An eye needs to be large enough for the line and knot you intend to use. I say knot as some (such as the Palomar Knot) require you thread a bite through at some stage.

Spade ends are most suitable for light-weight fishing and are generally not seen on larger hooks.

Originally. most attachments were made in line with the shank of the hook. Nowadays this is often offset, as is the case with the hook above. You can see that it actually aims straight at the point.

During your strike, the pull on the line will concentrate the force so as to drive the point deep - hopefully into the fishes mouth for a firm hold.

Some manufacturers have taken this issue to the extreme and you will see all manner of kinks at this end of their hooks.

The Shank

The shank of the hook connects the point to the attachment point. It needs to be strong enough for that purpose without being some cumbersome as to be noticeable to the nibbling fish.

The shank also serves a secondary purpose which is often forgotten. An appropriate shank will help with bait presentation.

For a linear bait such as a worm a long shank can hold the bait in a more natural shape in the water, especially if it has bait-holder notches cut along it to stop the bait sliding back towards the point.

Short shanks are more suitable when fishing with spherical baits such as bread paste, boilies or crabs.

Some shanks are themselves offset to some extent offering another dimension to the angle of pull during your strike.

The Barb

Traditionally, the point of a fishing hook has a barb directly behind it such that the sharp point pierces easily but then does not come out again without considerable effort. A bigger barb requires more force to come out.

After landing a fish it is necessary to take the hook out of the fish, whether you intend keeping it or not. At this point, you will see that your effort, no matter how skillful, results in damage to the fish. For more on this issue take a look at the Barbless Hooks discussion and poll below.

Trebles and doubles

Some hooks come in sets. Typically you can find a treble hook on the end of a lure, the idea being that this increases the chances of catching a fish somewhere significant as it snatches at the moving target. Treble hooks can cause undue damage to fish through fould-hooking or by holding the fishes top and bottom lips together so that it cannot breath properly during the play. Double hooks (like a treble but with one point missing) are becoming more popular as the dangers are less.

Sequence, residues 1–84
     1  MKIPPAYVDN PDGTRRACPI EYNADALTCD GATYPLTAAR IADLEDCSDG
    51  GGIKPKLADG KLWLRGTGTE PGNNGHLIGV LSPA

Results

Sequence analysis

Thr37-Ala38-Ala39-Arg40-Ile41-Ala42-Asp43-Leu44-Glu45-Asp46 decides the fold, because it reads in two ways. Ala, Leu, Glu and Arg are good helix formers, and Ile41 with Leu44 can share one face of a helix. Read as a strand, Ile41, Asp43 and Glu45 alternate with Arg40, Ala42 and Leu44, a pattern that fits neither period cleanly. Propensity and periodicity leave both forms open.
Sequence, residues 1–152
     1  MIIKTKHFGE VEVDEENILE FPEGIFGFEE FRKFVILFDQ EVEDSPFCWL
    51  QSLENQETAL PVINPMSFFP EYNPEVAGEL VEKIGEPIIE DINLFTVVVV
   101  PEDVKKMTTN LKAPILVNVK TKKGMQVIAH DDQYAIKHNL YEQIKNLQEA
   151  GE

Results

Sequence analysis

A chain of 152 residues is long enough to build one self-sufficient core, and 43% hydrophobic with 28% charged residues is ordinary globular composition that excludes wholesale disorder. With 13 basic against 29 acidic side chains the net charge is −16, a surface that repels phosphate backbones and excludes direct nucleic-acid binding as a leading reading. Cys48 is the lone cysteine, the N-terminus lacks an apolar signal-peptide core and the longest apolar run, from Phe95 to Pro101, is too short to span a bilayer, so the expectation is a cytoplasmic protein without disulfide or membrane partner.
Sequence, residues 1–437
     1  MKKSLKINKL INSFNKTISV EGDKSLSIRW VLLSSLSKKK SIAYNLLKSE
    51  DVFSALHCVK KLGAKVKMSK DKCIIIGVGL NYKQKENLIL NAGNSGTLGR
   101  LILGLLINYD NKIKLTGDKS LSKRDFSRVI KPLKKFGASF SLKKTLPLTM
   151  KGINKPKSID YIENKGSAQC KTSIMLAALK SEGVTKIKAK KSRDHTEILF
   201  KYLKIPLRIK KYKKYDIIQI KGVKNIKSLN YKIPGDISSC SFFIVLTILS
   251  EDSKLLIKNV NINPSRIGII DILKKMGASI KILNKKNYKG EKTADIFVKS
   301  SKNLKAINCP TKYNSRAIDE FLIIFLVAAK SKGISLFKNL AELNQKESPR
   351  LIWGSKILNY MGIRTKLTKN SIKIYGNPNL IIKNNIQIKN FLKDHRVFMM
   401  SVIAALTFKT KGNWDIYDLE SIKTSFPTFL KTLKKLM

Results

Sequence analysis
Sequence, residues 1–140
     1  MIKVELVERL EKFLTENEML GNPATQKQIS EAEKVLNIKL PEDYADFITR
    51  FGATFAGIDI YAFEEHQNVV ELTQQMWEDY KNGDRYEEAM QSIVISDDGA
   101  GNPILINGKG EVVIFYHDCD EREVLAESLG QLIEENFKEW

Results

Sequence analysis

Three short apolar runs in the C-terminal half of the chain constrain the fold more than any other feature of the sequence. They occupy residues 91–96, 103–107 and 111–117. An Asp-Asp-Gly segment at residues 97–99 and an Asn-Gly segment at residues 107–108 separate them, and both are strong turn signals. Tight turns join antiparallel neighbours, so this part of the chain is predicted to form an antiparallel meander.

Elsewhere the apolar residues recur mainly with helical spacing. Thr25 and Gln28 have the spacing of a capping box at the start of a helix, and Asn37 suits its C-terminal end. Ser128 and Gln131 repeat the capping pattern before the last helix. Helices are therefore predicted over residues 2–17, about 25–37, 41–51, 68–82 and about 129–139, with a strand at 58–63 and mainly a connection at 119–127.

Hooks can also be joined up in another way. Gang hooks are used to present linear baits, especially soft ones like worms, more naturally. These are joined by threading the shank of one down through the eye of the next, ofet during the manufacturing since barbs get in the way later.

Cost

I have left this factor to last as I don't think it is so important. Given the vital role that the hook plays and the relative cost of hooks to the other items used I don't see that it is worth buying cheap. Get the best that you can afford for those that suit your purpose.

General Comments 8 comments

Lweinberg profile image

Lweinberg 5 years ago

The few times I've gone fishing I always toss the fish back, and carefully remove the hook to do less damage. But, are there any hooks that are designed for catch and release? May be a stupid question since I know almost nothing about fishing!


fordie profile image

fordie 5 years ago from China Author

Barbless hooks cause less damage and are much easier to remove without tearing the skin/flesh.

A proper hook placement minimizes the damage in the first place. This will come by matching the hook size to the likely fish and also by using the appropriate fishing style.

Avoid double or triple hooks if you are planning to catch and release. They are much more prone to foul hookings and can even cause serious damage when properly placed.


Lweinberg profile image

Lweinberg 5 years ago

Oh okay great! Thanks for the info, I hate the idea of causing an innocent little fish pain.


fordie profile image

fordie 5 years ago from China Author

Must admit I've never even thought of giving one a fair trial.

Fishing is different things for different people. I can enjoy even when I don't catch one; which is lucky now I live in China and the local river is over-fished.

More reason to believe in conservation. Anglers are generally believers in that.


Lweinberg profile image

Lweinberg 5 years ago

Conservation is the way to go!


Derdriu 4 years ago